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James Millar: Tory tin men lacking heart offer no leadership hope to the party of the Iron Lady

The proposals were among the most contentious and the most radical to be considered by Margaret Thatcher's Conservative government during her 11 years in office
The proposals were among the most contentious and the most radical to be considered by Margaret Thatcher's Conservative government during her 11 years in office

The BBC lucked out with the scheduling of their documentary series about Margaret Thatcher

Airing Thatcher: A Very British Revolution, about the rise and fall of the nation’s first female Prime Minister, as our second female PM’s time in Number 10 sputters to an end throws up lots of fascinating parallels and contrasts.

James Millar.

And more than a few lessons to learn for the ever-lengthening parade of bozos competing to take over in Number 10.

One wonders if Donald Trump was somehow attracted to the UK at this particular moment by the sheer dumb gravity generated by a leadership contest that seems to lack any leaders.

One of the key takeaways from the Thatcher TV series is that the simple answer to how the Conservatives got from 80s supremacy to utter chaos a generation later is leadership.

Thatcher had it. May doesn’t. There’s not been a lot of it to go round among the Tory leaders in between.

There are other eye-catching differences between then and now that the programme demonstrates. For example people wore a lot more velour in the 1970s and some quite remarkable hats. It’s surprising how colourful and bright the 70s were, given the gloomy state of the nation’s finances, politics and industrial relations. Reducing tariffs on tank tops might be something for the new PM to consider.

Also a lot of the same people reporting on politics then are still on our screens – Jon Snow, John Simpson, Andrew Neil for example. But some are not – Sue Lawley, Moira Stewart for example. Spot the difference? It’s remarkable and outrageous the way women on screen have a shelf life but men do not.

But the leadership thing is the most striking, the sheer competence of Margaret Thatcher.

Now, you can disagree with her politics, plenty of people did then and plenty of people will argue over her approach and her legacy for as long as there is history. However what cannot be contested is that she ran the country. She was in charge. She worked incredibly hard, she managed her MPs and her ministers. And apparently she had time to do the Downing Street dusting too.

It’s only watching her go about her business in the archive footage that you realise this country has only had one competent PM since.

Tony Blair ran the country. Again, history will debate what he did and whether it was wise but there’s no doubt he was in charge. That’s why Gordon Brown was so hacked off all the time. (The programme also gives the lie to the claim Blair had no ideology. The nation now is less harsh than it was in 1990 and that’s because Blair rolled back the worst extremes of Thatcherism.)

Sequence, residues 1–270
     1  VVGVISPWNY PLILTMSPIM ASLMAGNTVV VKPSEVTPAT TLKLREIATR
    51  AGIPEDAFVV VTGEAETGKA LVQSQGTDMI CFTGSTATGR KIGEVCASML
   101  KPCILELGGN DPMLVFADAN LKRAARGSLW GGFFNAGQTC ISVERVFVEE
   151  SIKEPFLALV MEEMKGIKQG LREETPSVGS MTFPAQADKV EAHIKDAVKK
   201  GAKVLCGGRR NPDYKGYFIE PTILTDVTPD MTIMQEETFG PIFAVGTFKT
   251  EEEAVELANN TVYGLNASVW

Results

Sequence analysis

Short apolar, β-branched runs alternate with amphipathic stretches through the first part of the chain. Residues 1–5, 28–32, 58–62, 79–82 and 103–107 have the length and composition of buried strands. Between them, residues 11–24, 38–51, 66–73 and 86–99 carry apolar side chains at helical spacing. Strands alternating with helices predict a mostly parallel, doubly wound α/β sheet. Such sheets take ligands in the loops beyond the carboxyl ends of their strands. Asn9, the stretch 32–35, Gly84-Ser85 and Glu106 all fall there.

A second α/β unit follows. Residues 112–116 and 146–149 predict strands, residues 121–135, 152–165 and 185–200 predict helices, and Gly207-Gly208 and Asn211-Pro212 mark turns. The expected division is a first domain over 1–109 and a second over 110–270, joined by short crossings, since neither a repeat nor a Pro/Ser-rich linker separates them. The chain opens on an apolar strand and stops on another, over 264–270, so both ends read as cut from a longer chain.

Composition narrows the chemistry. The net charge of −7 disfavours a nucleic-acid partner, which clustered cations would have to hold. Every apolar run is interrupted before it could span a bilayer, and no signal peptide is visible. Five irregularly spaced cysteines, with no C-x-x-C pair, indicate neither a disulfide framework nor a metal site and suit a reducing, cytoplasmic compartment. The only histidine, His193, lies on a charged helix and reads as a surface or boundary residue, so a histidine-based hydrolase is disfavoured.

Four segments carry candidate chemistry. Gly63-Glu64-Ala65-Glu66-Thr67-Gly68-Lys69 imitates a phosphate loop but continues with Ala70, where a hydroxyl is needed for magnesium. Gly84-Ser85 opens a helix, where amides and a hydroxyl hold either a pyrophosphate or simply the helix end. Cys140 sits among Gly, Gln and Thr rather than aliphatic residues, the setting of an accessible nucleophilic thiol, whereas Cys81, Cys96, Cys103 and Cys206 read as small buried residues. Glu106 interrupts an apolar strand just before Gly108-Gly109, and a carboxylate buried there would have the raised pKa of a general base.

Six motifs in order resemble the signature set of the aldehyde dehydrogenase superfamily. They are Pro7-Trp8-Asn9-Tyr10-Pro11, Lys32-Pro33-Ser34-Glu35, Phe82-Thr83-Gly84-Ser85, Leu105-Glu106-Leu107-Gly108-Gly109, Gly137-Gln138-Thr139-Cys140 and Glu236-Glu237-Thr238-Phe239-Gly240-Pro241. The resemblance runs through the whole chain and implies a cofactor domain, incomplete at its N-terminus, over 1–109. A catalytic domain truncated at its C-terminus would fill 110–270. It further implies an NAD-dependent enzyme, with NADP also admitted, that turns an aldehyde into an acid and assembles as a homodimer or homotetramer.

But for the last 12 years the UK has lacked leadership. Brown oversaw a shambles of an administration. David Cameron never seemed terribly bothered about doing the work of running the country and he gained a reputation as ‘the essay crisis Prime Minister’ who didn’t put the effort in but pulled something off at the last minute. And then we’ve had the May premiership. Historians may dispute whether the last three years have been a waste of time or a key period in the disintegration of both Britain and British politics; they will all agree that the administration was inept.

And does anyone look at those lining up to be next through the doors of Downing Street and believe they will offer good government? I’m not talking about good policies (though they would be welcome) I just mean doing the day to day work of leading the nation.

Boris Johnson’s reputation as a disorganised buffoon is all part of the act we’ve been told for years. But just ask anyone who worked for or with him at the Foreign Office and they’ll tell you it’s no act. Dangerously so.

Dominic Raab has promised to get a better Brexit deal than the one he negotiated as Brexit secretary before resigning because he didn’t like his own deal then later voting for it. And against it. Doesn’t bode well.

The pick of the bunch are Michael Gove and Rory Stewart – both Scots of some kind. Coincidence?

Rory Stewart has run a province in Iraq so he’s got the right experience but the only people who seem impressed with his campaign so far are MPs from other parties and journalists.

Every department Michael Gove has run he’s fuelled with focus and energy, but he’s made plenty of enemies along the way and it’s not clear he’s the manner or the muscle to stop the usual suspects in his own party from head banging his project off track.

‘Thatcher: A Very British Revolution’ is only half way through its run. Like Titanic we all know how it ends but it’s still some story. (Unlike Titanic there’s no nude ladies, though the series hasn’t got to the Cecil Parkinson bit yet).

Thatcher’s competence, confidence and fresh ideas put her in power and provided real leadership to her party and the country. But as she become more autocratic and ideological the iceberg on which her premiership would be dashed became inevitable.

No doubt plenty of the Tory wannabes are lapping it up. Hopefully though, the one that wins will be the one that learns the right lessons from history.

James Millar is a political commentator and author and a former Westminster correspondent for The Sunday Post

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